The State of Things | Blue Ridge Public Radio

M - F Noon - 1PM

The State of Things host Frank Statio
Credit WUNC-FM

WUNC’s flagship program, “The State of Things” covers many diverse issues and topics in North Carolina. Host Frank Stasio talks with authors, musicians, politicians, policymakers and everyday citizens about subjects that matter to North Carolinians. The program can now be heard in Western North Carolina, M - F from noon to 1, thanks to an ongoing partnership between Blue Ridge Public Radio and WUNC, headquartered in Chapel Hill.

The State of Things is a live show that welcomes comments, feedback and questions from listeners. Call 1.877.962.9862, email sot@wunc.org, or tweet @state_of_things. Follow The State of Things on Facebook or Tumblr.

Get a daily show update, and special news.

Or, join the live audience for remote broadcasts from Greensboro's Triad Stage and Raleigh's Museum of Natural Sciences. And you can listen to Political Junkie Ken Rudin Fridays on the program.

North Carolina lawmakers released new voting maps last weekend. The freshly-drawn district lines come after 28 House and Senate districts were found by the U.S. Supreme Court to be illegally gerrymandered along racial lines. 

This week the Trump administration disbanded a federal advisory committee for the National Climate Assessment. It is one of several steps President Donald Trump has taken to diminish the fight against climate change. But Trump’s skepticism of climate change puts him at odds with officials in the Pentagon. 

When Josh Sabey’s sister was diagnosed with anorexia nervosa, his family wanted to provide her with the best care possible. But after spending thousands of dollars and seeing no improvement for years, they started to investigate what was going wrong. 

Confederate monuments have become flash points for a national debate about free speech, race and memory. Statues have been removed in more than a dozen states including Texas, Louisiana, Maryland, Florida and New York. 

In the gospel musical “Crowns” every hat tells a story. The production is based on a book of photographs and oral history interviews of African-American women in their Sunday best. Their hats provide entry points into conversations about memory, loss, family, and politics. 

As a teenager in England in the 1960s, Ray Williams soaked up the sounds of one of British pop’s most iconic eras. After spending years listening to popular music, he got a front-row seat to it all when he landed a job working for Cathy McGowan, presenter of the music television show “Ready Steady Go!”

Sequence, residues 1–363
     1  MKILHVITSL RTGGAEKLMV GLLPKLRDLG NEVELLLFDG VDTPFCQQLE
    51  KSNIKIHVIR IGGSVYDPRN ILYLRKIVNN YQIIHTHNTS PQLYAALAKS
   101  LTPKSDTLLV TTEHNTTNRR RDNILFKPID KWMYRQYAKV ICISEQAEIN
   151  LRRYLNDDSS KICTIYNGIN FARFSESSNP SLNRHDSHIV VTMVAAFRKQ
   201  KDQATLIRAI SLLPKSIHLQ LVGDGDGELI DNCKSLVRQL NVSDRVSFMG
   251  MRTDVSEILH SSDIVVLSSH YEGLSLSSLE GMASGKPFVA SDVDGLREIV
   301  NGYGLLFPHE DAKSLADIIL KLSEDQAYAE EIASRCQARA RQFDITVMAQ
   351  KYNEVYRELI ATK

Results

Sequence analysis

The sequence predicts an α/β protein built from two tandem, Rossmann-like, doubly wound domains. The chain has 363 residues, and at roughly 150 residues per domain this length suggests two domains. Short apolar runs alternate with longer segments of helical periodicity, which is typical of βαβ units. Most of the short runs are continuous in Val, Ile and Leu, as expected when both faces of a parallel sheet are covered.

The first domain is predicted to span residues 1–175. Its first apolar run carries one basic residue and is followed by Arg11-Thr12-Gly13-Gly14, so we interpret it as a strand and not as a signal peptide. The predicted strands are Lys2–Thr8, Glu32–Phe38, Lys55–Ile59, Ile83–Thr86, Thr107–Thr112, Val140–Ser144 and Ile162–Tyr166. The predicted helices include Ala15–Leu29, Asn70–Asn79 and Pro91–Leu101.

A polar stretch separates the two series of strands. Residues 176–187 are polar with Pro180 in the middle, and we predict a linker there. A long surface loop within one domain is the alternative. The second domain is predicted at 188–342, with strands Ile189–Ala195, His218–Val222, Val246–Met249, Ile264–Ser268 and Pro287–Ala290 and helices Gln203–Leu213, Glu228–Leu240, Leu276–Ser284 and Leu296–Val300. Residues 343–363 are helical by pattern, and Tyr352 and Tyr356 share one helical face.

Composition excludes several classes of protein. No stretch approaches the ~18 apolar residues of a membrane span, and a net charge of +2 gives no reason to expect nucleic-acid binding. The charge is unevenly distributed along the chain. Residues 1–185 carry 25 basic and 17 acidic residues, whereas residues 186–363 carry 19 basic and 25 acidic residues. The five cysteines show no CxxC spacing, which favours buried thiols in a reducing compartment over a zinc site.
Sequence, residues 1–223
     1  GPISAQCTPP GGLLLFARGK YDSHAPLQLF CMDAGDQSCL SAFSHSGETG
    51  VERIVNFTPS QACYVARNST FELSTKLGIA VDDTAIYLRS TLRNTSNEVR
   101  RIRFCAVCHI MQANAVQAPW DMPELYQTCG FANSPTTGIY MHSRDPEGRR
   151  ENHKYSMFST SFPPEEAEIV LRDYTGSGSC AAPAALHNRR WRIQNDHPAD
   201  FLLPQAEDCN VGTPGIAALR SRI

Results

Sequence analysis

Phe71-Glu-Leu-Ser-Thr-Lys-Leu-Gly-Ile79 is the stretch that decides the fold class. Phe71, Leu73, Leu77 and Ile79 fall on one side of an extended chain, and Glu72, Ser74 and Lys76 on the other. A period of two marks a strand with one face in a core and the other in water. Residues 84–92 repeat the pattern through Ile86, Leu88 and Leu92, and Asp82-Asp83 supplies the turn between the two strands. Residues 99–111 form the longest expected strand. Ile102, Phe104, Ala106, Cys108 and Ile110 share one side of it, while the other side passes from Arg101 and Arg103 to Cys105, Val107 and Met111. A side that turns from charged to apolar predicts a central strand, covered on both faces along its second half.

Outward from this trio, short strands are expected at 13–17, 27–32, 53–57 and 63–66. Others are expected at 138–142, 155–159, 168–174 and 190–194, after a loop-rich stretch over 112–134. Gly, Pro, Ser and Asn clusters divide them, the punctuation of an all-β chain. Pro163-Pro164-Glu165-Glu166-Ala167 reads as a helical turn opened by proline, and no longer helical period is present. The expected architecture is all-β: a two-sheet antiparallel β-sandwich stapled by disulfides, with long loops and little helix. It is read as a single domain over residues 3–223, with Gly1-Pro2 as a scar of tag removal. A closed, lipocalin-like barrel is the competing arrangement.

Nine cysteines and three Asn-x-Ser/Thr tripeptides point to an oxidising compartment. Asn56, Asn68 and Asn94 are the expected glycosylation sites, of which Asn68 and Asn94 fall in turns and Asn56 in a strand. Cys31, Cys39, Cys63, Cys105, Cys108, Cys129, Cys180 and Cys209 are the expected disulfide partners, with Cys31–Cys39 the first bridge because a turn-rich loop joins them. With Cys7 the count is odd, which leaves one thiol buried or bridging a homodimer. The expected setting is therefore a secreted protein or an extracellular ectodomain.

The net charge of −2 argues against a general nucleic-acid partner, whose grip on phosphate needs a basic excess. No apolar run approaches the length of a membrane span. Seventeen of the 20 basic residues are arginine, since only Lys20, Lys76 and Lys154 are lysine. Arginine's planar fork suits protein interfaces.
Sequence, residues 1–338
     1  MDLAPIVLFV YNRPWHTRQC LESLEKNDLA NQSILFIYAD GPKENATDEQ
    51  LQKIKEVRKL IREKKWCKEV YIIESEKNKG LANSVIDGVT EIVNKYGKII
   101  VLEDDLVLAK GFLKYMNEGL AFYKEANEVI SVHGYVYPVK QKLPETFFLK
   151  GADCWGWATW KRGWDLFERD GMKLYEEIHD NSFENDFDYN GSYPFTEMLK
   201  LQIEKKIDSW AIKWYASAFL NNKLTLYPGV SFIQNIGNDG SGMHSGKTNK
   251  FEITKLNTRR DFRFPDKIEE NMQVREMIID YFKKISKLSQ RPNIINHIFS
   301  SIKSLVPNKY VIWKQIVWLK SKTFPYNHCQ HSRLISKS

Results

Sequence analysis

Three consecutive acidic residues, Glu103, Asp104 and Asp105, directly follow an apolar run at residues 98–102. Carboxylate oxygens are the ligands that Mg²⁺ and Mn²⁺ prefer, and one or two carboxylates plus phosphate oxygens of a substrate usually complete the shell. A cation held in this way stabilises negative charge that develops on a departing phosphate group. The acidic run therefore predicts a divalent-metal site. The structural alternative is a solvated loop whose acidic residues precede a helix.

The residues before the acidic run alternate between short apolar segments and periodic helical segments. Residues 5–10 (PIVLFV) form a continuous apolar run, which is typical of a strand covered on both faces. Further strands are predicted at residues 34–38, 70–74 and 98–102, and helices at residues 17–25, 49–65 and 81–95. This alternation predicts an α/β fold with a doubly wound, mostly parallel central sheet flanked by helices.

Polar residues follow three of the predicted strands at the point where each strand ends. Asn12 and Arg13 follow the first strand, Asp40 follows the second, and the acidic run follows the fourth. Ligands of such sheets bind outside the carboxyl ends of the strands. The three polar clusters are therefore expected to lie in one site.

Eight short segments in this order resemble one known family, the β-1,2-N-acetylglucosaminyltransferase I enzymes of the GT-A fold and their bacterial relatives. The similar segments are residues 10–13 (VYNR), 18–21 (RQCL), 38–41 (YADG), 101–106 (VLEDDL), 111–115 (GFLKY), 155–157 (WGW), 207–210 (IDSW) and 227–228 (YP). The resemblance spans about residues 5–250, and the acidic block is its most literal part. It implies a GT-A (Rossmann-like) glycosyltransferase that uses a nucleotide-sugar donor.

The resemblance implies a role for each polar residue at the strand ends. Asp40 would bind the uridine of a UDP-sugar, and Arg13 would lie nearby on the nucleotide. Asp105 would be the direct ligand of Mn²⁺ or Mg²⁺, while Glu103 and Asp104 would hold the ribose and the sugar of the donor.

Comedian Jordan Carlos has never shied away from politics in his stand-up material, whether it is jokes about the ways African-Americans respond to mass shootings or the influence of President Trump’s Twitter activity. 

President Trump continues to receive criticism after his remarks earlier this week about violence that took place last weekend in Charlottesville, Virginia. 

The Rusty Wright Band made its second public appearance in 2004 when a booking agent asked at the last minute if they could open for Lynyrd Skynyrd. That rain-soaked, lightning-infused concert was an electric start to a career that includes five album releases and tours all over the world. 

On Monday, Aug. 21 millions of Americans will experience a cosmic event of a lifetime: a total solar eclipse. This is the first time in 99 years that people from coast to coast can witness the moon completely covering the sun.

Researchers have long been aware of a link between exposure to violence and obesity in adolescents. Now a new study is untangling some of the reasons that connection exists.

The study used smart phones to monitor adolescents in California and North Carolina. It tracked their exposure to violence and subsequent activity levels, fatigue, and consumption of fast food and soda.

 A new exhibit at the Rural Heritage Museum at Mars Hill University hopes to show people that the Civil War played out in North Carolina in complicated ways. 

Photographer Christer Berg has spent the past few years experimenting with the art of portraiture. He started with a series of environmental portraits of individuals around the state, ranging from ballerinas to business people. 

Protesters toppled a confederate monument in Durham last night. The statue came down during a demonstration against the violence that erupted in Charlottesville, Virginia this past weekend.

Nearly 20 percent of residents in Greensboro live in poverty, according to the U.S. Census Bureau. A new series by WUNC reporter Naomi Prioleau examines the specific barriers these individuals face as they try to change their economic future.

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